Government takes people’s stuff without a conviction or even charges. That’s wrong

You can say this about U.S. Attorney General Jeff Sessions: He doesn’t mind swimming against the tide. That can be an admirable trait, depending on the issue.

Increasing the use of civil asset forfeiture (CAF) is the wrong issue. Sessions announced this week that he is undoing the modest CAF reforms put in place by the Justice Department in 2015. He also announced plans to increase the number of CAFs that U.S. Attorneys and his department pursue.

CAF as it is currently practiced is wrong. The impulse may be a good one – to take away the monetary gains of criminal enterprises.

But in practice, seizing assets without a conviction – or in some cases, even without charges or a warrant – is constitutionally problematic to say the least. It levels a punishment based on presumed guilt, which is not how our justice system is supposed to work.

The Institute for Justice, a group I respect greatly, said in a release:

“Civil forfeiture is inherently abusive. No one should lose his or her property without being first convicted of a crime, let alone charged with one…The Department of Justice’s supposed safeguards amount to little more than window dressing of an otherwise outrageous abuse of power.”

Sessions’ position stands athwart a growing consensus among Democrats and Republicans, and among groups on the left and right, that CAF is being abused. To say that issues on which the two sides are finding common ground these days are few and far between is a vast understatement. That makes Sessions’ decision all the more disheartening.

Big problems with CAF in the real world
The idea of seizing drug gangs’ funds is appealing, and that’s what Sessions chose to focus on in his announcement. But the bloom comes off the rose pretty quickly when you start digging into the abuses and perverse incentives. Consider a few:

1) Eh Wah, a Burmese Christian touring the U.S. with a band to raise funds for projects back home, was pulled over with $53,000 in cash in his car. Eh Wah’s car contained no drugs or weapons, but did contain CDs of Christian music the band sells and checks written to the causes, including a Thai orphanage, that he was raising money for.

Police in Oklahoma seized the money anyway, based on nothing more than the vague suspicion that he might be a drug dealer. The money was returned and charges dropped only after the case received public attention.

2) Some jurisdictions are focusing on the money more than the contraband they’re supposed to stop. An analysis of Oklahoma traffic stops that ended with assets being seized found more attention on return trips – where there is likely to be money – than the trips where drugs are being trafficked. From the Washington Post’s story on Eh Wah:

“In looking at the data of forfeitures along Interstate 40, which runs east to west through the state, ‘we definitely see a huge disparity of folks on those interstates focusing on the westbound travel, which tends to be the money here in Oklahoma,’ [the ACLU’s Brady] Henderson said.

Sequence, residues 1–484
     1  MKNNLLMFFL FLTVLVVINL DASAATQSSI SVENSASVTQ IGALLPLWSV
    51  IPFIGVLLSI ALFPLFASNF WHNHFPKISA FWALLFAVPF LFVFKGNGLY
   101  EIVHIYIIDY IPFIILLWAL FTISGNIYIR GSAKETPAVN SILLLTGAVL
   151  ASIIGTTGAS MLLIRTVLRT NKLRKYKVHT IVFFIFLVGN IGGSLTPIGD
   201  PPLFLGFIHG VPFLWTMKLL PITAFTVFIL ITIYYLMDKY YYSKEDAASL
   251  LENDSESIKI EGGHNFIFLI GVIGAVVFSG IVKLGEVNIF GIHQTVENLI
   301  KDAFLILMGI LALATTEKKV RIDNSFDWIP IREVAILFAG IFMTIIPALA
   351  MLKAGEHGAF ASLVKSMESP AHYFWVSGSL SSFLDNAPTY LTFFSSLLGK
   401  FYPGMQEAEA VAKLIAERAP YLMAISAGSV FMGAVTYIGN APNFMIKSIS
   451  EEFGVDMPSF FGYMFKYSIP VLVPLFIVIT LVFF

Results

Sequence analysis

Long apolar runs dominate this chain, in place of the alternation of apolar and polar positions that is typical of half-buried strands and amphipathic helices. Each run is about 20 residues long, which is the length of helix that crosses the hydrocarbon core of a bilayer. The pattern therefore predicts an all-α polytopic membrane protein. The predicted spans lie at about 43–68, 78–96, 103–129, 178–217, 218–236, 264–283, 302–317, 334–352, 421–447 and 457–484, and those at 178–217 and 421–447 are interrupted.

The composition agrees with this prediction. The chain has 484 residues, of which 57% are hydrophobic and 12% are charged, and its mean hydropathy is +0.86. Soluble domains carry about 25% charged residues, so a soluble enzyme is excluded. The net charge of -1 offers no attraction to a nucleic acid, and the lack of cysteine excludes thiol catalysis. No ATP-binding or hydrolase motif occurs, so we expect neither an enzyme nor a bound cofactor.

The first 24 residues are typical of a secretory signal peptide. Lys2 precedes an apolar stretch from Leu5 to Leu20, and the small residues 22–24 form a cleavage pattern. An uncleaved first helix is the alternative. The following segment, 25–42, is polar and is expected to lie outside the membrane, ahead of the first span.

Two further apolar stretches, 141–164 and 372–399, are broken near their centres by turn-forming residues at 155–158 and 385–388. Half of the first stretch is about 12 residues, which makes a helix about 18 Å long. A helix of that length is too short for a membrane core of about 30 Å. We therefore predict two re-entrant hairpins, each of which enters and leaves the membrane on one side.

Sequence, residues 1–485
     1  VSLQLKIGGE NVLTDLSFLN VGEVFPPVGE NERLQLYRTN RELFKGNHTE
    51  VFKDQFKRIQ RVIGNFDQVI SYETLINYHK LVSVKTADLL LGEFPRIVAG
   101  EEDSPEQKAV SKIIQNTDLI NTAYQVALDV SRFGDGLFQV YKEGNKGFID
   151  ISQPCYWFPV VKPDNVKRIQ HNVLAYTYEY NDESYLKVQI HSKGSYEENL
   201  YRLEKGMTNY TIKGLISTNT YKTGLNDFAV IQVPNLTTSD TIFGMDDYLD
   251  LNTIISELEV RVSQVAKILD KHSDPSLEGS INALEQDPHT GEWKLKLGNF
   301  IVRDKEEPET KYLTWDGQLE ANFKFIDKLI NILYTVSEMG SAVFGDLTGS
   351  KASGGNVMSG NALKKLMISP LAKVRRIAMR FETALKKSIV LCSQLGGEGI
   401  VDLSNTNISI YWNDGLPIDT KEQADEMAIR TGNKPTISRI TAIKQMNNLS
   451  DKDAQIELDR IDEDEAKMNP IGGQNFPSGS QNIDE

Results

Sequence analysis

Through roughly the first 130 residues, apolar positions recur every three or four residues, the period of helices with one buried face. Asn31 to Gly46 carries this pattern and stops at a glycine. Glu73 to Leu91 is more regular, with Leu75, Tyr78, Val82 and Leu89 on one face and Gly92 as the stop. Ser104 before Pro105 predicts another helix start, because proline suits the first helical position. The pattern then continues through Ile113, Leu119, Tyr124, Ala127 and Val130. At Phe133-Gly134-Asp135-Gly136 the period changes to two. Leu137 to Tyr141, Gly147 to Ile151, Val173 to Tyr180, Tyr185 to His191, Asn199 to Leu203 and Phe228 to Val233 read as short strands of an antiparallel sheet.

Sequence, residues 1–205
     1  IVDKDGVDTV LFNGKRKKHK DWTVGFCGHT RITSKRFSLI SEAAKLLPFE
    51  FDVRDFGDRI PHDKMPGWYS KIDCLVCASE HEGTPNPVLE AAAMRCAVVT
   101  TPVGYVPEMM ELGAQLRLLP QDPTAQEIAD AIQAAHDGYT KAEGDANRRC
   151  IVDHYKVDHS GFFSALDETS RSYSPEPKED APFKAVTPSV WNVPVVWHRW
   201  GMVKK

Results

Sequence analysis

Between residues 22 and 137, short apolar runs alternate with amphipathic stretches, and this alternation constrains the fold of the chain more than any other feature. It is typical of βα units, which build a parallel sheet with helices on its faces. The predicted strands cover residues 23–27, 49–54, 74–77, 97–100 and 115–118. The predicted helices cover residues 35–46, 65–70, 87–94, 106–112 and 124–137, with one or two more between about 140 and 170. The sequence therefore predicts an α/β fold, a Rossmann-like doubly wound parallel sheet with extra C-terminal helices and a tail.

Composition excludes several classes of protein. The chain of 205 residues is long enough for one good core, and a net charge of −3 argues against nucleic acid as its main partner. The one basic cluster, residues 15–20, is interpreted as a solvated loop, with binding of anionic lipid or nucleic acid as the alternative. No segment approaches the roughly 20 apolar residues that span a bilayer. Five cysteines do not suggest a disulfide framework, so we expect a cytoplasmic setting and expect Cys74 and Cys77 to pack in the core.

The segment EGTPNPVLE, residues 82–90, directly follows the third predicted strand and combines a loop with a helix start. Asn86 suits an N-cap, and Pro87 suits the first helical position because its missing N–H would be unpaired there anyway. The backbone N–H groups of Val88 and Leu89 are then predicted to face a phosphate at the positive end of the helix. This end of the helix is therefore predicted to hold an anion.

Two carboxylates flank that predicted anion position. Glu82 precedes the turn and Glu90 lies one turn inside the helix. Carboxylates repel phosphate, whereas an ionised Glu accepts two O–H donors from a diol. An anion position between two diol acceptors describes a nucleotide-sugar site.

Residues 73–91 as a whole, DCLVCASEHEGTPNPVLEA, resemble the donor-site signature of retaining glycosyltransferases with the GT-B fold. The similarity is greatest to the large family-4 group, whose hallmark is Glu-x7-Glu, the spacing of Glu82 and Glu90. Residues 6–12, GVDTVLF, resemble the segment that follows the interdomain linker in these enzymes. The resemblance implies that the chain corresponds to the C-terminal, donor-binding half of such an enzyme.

“In essence, he says, authorities are letting the drugs get to their destinations and be sold and used so that police can grab the money from the drug sales on the return trip. This mirrors the behavior that watchdog groups and news organizations have observed in other states, such as Tennessee.

“‘If the whole notion is that drugs are destructive, that they hurt people, why are we letting the drugs hurt people?’ he asked. ‘We are deliberately letting the drugs get to their final destination, get sold, get used, and in some cases letting someone die of an overdose.’”

3) The Dept. of Justice has re-started the controversial Equitable Sharing Program. Some states have tightened their CAF laws, but local law enforcement agencies can get around that by turning over seized assets to the Dept. of Justice. The feds then send about 80% of the funds back to the local agency. This is a way to skirt the tighter rules that many states have decided are necessary to protect against abuses.

4) When police departments get to keep the assets they seize, it creates a perverse incentive for them to increase CAFs and to use CAFs in questionable cases. That’s a problem in fact and an appearance problem.

It’s made all the worse when the cases don’t end in successful prosecutions. A Dept. of Justice Inspector General’s report on CAF notes, “When seizure and administrative forfeitures do not ultimately advance an investigation or prosecution, law enforcement creates the appearance, and risks the reality, that it is more interested in seizing and forfeiting cash than advancing an investigation or prosecution.”

The Institute for Justice has many more examples of CAF abuses if you’d like to learn more.

In his announcement, Sessions included promises to put measures in place that will prevent the worst CAF abuses. They’re only that: Promises. It’s a “just trust us” argument – that’s not good enough. As state Attorney General, I was a law-and-order guy. CAF is heavy on order but light on law, especially constitutional law.

Justice Clarence Thomas has signaled that he’d be open to the Supreme Court taking on related cases with the aim of striking CAF down. Time might be running out on this controversial practice. If so, the Justice Department’s new CAF kick won’t last long.
-Rob McKenna

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Rob McKenna
Rob served two terms as Washington’s Attorney General, from 2005 to 2013. He successfully argued three cases before the U.S. Supreme Court and negotiated three of the largest consumer financial protection settlements in national history, all involving mortgage lending and servicing. He is a recognized leader in the development of consumer protections on the internet, in data protection and privacy regulation.